Sailboat Sailing on Water Near Island

My husband, Simon, and I spent over ten years dreaming about the type of boat we’d get and what we wanted to do with it.

Our plan was to win the lottery, buy a new Oyster 56’ or Oyster 62’ Yacht (type of sailboat made in England) and sail around the world.

In preparation for our lottery win, we’d read sailing magazines, go to boat shows, attend private Oyster boat showings, and once a year we’d even charter a sailboat and spend a week of bliss sailing the Mediterranean or Caribbean.

Sailing around the British Virgin Islands

Sunset from Sopers Hole, Tortola, British Virgin Islands, Caribbean

We’d often say, ‘when we have our Oyster built we’ll make sure to have this or that feature…’

At night, in bed, we’d visualize taking our boat out of the marina and sailing it into the sunset heading for 360 degrees of beautiful blue ocean. We wanted the sun-soaked-salt-laced wind in our hair, the sound of the hull slicing through the waves, the feeling of freedom at our disposal.

And then one day it dawned on us that we might not win the lottery.

I said to Simon, ‘imagine if you hit 90 and I’m 80 and we didn’t live our dream?’

We held on so tightly to the concept that we had to win the lottery that we failed to consider other options. We failed to consider buying a used boat. We failed to think about perhaps buying a boat, other than an Oyster 56’ / Oyster 62’, to practice with until our lottery win arrived. (yes – I admit that we were still banking on a lottery payout at this point…)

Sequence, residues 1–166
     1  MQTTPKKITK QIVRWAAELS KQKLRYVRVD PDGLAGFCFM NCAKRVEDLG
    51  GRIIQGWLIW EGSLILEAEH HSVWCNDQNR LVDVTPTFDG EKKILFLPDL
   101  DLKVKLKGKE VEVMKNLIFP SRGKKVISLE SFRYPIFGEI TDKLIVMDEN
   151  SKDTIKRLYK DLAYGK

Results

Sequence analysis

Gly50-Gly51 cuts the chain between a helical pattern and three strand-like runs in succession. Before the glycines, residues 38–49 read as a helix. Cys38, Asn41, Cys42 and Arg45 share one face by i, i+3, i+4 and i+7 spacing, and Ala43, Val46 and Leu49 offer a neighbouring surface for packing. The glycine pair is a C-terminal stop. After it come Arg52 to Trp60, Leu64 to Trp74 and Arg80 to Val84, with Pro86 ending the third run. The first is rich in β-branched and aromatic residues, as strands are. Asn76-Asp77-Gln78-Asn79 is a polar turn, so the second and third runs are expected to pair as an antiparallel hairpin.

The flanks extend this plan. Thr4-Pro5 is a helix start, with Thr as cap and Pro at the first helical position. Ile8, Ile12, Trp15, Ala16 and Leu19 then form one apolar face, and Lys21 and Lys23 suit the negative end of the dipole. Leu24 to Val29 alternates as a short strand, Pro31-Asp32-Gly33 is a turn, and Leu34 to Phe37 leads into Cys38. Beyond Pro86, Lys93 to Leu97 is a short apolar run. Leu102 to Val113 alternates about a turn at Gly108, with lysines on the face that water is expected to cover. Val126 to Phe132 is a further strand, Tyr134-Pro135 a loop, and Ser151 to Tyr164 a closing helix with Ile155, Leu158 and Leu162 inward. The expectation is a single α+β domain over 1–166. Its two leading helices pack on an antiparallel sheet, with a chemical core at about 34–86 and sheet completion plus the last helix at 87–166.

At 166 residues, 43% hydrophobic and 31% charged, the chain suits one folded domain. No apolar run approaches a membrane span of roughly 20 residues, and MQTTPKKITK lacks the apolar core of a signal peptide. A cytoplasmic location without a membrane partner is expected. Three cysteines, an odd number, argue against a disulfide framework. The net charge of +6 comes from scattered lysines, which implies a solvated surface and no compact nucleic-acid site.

Out of frustration, I told my husband, ‘we need to either shit or get off the pot.’ I was tired of dreaming…I wanted to make my sailing dreams a reality.

We decided to research some low cost but quality used sailboats. Until asking that question, we only ever focused on buying the $1.5 million yacht with our future lottery winnings. I wondered if it was possible for a ‘normal’ couple to find an affordable boat so that we could at least start to practice for our around the world trip. (I put ‘normal’ in quotes because from what I’ve been told, we’re anything but normal – hahahaha).

One thing led to another and after researching quality older boats, Simon went on Ebay and found a 1980’s 35’ Moody sailboat priced to be sold. The boat was located in Scotland and at the time we were living in England. Simon flew up to Scotland, rented a car and inspected the boat prior to having a professional survey conducted.

Things flowed, a final price was negotiated and plans were made to move the boat from Scotland down to the south coast of England.

A month later, Simon flew back to Scotland, picked up a professional skipper and sailed the boat down. The duo got stormbound in Ireland and had to leave the boat there for a few weeks but eventually they got her to a marina in Port Solent near Portsmouth, England. Looking back, sailing Selene down to England was one of the highlights of my husband’s life. It was scary but also exhilarating.

Apparently, the boat started to fill with water when they left Scotland. Simon puked because he thought, ‘Oh no, I’ve bought a boat that’s about to sink.’ When the leak was found it was from the fresh water tank. A hose clamp simply came lose and the problem was quickly remedied.

When our new boat, Selene, came into the marina I felt a mixture of nerves and excitement.

Our frustration didn’t lead to getting the boat of our dreams but it did lead to getting a boat.

Interestingly, I quickly realized that it’s not the boat that makes the dream come true, although that can be part of it… What’s important is what you do with the boat that really matters.

At first I discovered the transition from being WAY outside my comfort zone to feeling comfortable with boat handling and sailing skills (rising to a challenge and succeeding) to be monumentally fulfilling. I was a grown woman – I didn’t want to go out and learn something new. What if I failed? What if I messed up? Expanding my comfort zone actually made me come alive.

And then there are the countless sunsets my family and I enjoyed while sitting in the cockpit looking out into the sea. There are the memories of week-long trips from one seaside town to another.